No King as God! The inscription written at the back of the Danfo!

Yaba! Palmgroove! Onipan! Yaba! Yaba!! Yaba!!! Wolé pèlú shangi o– the conductor was very mechanical with the way he called the location! There were like three other conductors around calling out the same tune and their keys seemed to rhyme. Their orchestra was a very coarse one! I boarded the bus to Yaba, Joyce’s house was around Alogomeji, I sat in front with the driver, on the dusty dashboard I saw different stickers of Fuji artistes, but one sticker struck me

King Saheed Osupa! One and only king we know…

An elderly man came in the front seat and sat with me. He had a very old portmanteau he was carrying and it reminded me of Professor Gilderoy Lockhart from the Harry Potter series. The bus waited about fifteen minutes before moving, I had started reading Pettinah Gappah’s “Book of memory”. I was lost in the book, I didn’t hear when the Conductor said
Owó yín dà ní wájú?
It was the old man with the portmanteau that tapped me to the realization of the conductor’s voice.

Tani ìwo? Sèbí I tell you say make you enter with your change? You go come down for next bus stop. Ó dà’pé orí yín ò fé ma pé mó.

I had forgotten I exhausted the smaller Naira denominations on me in Mr Biggs.

Mister, calm down, is One thousand naira note not money? Please take a chill pill.

Èmi ni kí’n pill àbí? Ìyé e ló ma pill! Tó’n bá ti bí e da má bó’lè ní next bus-stop

I looked at the driver’s face for some sort of support, I don’t know why I thought he would support me, but I looked at him nevertheless. He was bumping his head to ‘Òlàjú dé’ by Saheed Osupa and didn’t pay cognizance to the squabble between his conductor and me. I felt a splinter of betrayal pierce my underarm. The conductor was raising his voice on someone at the back row now!

Palmgroove na waso! I no go collect taati naira from your hand. Na your papa buy motor for us?

The guy was now pleading, please help me, Ègbón e jo… Mi ò l’ówó dání (Big bros, please help me, I don’t have money on me)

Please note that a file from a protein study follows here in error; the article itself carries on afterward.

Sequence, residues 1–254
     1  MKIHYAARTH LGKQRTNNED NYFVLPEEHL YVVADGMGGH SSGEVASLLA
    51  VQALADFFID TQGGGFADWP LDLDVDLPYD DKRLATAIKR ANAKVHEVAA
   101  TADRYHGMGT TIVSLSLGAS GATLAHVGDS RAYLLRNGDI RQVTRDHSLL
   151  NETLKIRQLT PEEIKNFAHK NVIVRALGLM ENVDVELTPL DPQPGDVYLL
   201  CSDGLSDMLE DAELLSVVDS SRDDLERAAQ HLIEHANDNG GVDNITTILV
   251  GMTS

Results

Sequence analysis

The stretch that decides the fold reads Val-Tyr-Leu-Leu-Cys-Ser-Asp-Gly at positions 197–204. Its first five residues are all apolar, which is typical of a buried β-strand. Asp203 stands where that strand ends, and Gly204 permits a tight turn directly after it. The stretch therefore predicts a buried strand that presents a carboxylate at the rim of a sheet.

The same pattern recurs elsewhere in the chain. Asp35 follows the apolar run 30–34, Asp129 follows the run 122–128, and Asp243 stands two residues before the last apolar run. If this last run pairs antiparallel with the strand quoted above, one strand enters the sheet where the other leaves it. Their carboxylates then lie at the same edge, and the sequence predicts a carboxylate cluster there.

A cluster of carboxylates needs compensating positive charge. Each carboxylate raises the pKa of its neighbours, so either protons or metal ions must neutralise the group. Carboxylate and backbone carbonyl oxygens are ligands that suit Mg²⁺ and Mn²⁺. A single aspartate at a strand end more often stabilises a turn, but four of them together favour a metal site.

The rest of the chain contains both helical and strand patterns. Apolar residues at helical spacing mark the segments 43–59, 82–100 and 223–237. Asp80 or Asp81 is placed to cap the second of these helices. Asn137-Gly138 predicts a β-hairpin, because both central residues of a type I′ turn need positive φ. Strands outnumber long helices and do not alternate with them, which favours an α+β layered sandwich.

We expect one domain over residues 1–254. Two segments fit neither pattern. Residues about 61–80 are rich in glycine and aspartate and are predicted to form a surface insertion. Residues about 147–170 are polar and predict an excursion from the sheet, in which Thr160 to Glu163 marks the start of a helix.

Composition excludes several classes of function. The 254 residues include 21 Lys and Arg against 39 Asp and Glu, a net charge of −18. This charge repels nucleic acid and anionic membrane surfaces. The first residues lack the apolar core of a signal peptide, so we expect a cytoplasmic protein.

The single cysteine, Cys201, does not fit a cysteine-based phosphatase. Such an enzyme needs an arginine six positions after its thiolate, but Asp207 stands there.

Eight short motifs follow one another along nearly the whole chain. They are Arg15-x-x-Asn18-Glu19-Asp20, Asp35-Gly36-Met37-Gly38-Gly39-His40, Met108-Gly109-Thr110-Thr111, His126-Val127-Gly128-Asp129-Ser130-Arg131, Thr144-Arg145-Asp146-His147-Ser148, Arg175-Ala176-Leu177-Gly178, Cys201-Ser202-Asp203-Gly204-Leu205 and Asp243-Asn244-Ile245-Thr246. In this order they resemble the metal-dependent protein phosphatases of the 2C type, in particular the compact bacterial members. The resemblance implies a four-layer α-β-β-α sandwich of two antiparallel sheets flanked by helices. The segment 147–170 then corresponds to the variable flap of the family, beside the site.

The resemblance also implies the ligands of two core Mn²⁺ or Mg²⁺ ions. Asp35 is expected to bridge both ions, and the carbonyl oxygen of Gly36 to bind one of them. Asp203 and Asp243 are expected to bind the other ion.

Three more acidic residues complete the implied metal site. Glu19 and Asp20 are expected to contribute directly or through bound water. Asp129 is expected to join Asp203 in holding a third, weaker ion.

Aiyé é fé bàjé àbí? Má bè mé l’ébè òsì (it’s like you want your life to be ruined? Don’t beg me)

Muti! Muti!! Park ni Anthony! Jé kí àwon wèrè yí bólè.

Ègbón Olóyìnbó? Abeg come down! I no get change! Mister Soyinka

Chairman, you can’t just tell me to get down, I paid you, it’s your duty to get me change!

If you no carry yourself and your oyinbo wey you dey scatter comot this motor now….

The driver who was laughing at his conductor now added more fuel to the fire
Olóshì, ò kùkù lo school, oyinbo kékeré yen l’ón da opolo e rú? (Unfortunate fellow, you didn’t go to school, look at how ordinary English is scattering your brain)

This infuriated the conductor more, He came to the front and jerked the door open for me after throwing my one thousand naira note on me.

Comot my motor, I go spoil your fine boy o!

I thought about it, a peacock can’t fight a pig, the peacock will get its feathers dirty. (Or I was scared of getting slapped in Lagos again) I respected myself and came down from the bus, the conductor went to the guy with thirty naira and dragged him down too. He jumped back on the edge of the door and hit the top of the bus, signifying to the Driver to move…

Here I am, standing by the roadside with enough money to get me to my destination and another man standing with not enough money to get him to where he is going to. Well, this is Lagos I thought.

As I was putting my one thousand naira note back in my pocket, the man with thirty naira moved up to me

Oga, please help me with money, I beg you with the name of God, I am actually going to my school in Akoka for a tutorial..